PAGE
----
This is part one of a two-part series, Mindfulness in the Workplace, by Carol Preibis of Ahh The Simple Life. Don’t miss part two on Friday! If you’re a regular reader of the CCC blog, you’ll recognize Carol as a contributor. Thanks, Carol!

Carol Preibis

Carol is passionate about food, recipes and cooking.


Carol Preibis and her sister Michele value the Simple Life and want to help you shed the complicated nature of today’s world. They share insights on food, decorating, stress relief and living more simply, while actually enjoying day-in, day-out living. Looking for a scrumptious, healthy recipe? Trying to figure out how to have fun on a budget? Head to Ahh The Simple Life to start feeling better and getting more out of your life.

Ten Common Misconceptions about Quick SEO

CCC welcomes Eve Haugen to the blog! Anyone with a website (or blog) is always looking to improve his or her search engine optimization (SEO), and of course, you don’t want to wait to see the results. Insert quick SEO — tips and tactics to give you a quick boost in your search rankings and website traffic. Eve’s here to share her knowledge on the subject and dispel ten common misconceptions about the practice. Enjoy!

The science of SEO is constantly evolving. Although a long-term strategy, it can also yield quick results with the right tactics. While there is a range of tips on how to get around quick SEO, the misconceptions about it are galore and the people spreading such rumors are the ones who have hardly dabbled in it.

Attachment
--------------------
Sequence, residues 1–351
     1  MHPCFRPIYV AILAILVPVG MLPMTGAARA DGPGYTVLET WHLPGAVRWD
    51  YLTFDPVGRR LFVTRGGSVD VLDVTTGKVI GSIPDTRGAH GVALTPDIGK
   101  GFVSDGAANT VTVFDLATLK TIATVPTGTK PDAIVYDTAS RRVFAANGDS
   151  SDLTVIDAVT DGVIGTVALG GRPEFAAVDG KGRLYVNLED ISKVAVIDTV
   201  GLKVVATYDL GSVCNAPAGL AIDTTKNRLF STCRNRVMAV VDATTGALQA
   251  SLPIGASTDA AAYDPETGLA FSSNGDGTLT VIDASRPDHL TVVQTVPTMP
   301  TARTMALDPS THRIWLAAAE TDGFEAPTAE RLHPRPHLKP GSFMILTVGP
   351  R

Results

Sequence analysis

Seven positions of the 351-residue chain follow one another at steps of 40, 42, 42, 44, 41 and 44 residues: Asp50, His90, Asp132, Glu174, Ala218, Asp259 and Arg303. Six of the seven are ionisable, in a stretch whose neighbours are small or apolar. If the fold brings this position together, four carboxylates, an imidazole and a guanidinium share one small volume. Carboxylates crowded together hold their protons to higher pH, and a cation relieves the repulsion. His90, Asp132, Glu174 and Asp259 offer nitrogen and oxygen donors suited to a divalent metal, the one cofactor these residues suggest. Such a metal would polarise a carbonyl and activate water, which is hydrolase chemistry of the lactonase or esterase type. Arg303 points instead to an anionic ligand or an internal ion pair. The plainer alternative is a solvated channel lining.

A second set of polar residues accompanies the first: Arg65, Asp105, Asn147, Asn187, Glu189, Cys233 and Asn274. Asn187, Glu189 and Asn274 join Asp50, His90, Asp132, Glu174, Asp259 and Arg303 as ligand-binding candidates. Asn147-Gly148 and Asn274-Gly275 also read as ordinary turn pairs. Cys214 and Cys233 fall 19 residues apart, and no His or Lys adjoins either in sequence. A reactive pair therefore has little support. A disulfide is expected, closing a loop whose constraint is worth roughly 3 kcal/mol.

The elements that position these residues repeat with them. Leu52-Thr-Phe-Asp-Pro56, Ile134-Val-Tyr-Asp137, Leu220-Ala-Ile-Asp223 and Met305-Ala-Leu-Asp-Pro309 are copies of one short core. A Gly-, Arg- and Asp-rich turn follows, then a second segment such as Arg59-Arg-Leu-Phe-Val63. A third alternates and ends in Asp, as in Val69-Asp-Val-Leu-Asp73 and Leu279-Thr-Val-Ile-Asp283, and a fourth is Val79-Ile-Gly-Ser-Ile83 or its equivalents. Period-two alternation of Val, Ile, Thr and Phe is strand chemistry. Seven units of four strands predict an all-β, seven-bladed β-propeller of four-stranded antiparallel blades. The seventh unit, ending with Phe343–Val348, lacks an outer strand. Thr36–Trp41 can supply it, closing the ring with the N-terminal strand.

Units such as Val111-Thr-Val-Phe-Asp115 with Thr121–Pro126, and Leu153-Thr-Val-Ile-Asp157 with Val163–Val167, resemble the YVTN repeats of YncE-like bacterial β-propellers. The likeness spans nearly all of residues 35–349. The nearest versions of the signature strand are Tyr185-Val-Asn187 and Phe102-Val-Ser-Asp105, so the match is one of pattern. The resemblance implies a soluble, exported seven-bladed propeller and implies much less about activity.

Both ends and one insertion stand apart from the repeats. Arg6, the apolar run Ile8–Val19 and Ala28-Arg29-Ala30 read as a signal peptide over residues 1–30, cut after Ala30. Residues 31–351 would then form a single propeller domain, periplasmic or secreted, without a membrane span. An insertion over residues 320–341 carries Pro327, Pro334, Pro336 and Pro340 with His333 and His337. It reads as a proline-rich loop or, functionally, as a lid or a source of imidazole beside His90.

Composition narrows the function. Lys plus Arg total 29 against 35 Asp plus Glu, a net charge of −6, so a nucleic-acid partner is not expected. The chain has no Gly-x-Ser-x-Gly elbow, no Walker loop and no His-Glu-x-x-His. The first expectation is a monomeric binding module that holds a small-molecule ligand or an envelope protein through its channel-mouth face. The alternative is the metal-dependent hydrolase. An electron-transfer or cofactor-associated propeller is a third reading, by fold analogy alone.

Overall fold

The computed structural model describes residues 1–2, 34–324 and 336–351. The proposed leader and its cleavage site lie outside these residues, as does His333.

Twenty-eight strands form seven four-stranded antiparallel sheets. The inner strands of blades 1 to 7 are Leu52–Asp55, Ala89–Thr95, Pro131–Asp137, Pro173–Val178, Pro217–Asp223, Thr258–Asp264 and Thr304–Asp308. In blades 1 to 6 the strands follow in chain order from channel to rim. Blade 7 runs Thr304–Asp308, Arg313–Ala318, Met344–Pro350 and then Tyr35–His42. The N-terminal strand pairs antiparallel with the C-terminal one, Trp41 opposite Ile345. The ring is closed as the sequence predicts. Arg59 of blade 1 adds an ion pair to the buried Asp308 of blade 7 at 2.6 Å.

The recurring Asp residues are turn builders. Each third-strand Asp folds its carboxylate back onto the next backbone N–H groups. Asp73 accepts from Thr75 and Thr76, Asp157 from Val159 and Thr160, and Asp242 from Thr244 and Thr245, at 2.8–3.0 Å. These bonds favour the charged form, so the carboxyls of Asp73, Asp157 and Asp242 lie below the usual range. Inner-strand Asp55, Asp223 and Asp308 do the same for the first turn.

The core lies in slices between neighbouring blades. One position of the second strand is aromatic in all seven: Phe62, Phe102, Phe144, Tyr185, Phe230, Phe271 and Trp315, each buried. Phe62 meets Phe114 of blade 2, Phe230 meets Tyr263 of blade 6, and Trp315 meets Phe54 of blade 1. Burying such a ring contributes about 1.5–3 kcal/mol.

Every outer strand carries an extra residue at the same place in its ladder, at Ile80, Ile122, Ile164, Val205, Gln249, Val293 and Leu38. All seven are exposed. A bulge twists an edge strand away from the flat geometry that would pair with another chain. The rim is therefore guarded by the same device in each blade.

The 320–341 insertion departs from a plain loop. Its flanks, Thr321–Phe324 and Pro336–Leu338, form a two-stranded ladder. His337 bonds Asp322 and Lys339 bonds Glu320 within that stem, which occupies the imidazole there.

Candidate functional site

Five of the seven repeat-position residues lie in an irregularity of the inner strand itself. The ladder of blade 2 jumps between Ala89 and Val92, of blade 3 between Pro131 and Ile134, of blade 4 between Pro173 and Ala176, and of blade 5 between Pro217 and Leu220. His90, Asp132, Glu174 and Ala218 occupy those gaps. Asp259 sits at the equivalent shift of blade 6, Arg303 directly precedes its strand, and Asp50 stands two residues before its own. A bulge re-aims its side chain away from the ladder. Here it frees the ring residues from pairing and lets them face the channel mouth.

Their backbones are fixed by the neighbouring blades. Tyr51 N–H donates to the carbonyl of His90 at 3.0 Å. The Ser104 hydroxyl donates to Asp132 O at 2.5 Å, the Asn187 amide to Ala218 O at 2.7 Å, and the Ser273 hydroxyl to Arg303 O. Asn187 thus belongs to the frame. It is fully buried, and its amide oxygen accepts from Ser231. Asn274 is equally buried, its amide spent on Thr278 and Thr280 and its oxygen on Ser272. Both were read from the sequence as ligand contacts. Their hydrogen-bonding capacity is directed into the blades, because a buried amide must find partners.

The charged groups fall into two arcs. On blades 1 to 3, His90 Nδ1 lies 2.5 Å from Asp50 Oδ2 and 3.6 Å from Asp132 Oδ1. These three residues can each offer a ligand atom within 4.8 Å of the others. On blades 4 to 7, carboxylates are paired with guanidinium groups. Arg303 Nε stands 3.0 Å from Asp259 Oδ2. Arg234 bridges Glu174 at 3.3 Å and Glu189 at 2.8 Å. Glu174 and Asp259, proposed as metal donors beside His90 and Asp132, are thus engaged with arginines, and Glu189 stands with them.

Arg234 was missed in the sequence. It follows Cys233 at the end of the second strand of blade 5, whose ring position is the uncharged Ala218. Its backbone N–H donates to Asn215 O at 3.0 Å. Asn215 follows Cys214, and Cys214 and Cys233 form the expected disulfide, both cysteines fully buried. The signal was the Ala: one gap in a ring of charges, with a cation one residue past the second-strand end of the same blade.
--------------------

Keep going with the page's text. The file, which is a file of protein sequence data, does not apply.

Ranking factors of Google's search algorithms

Ranking factors of Google’s search algorithms

So, here are some of the SEO myths – If you are alert enough, you will immediately package these practices in a box and throw them away.

  • Google will NOT build strategy for you: This is a well-followed mantra of website building. You build a website fattened with content and you expect traffic to flow into it. Well, it doesn’t! That is why SEO professionals are still needed. You need to pay attention to the best keywords, develop your user’s experience (UXD/UED), insert links and ensure fast page downloads so that your website stands out.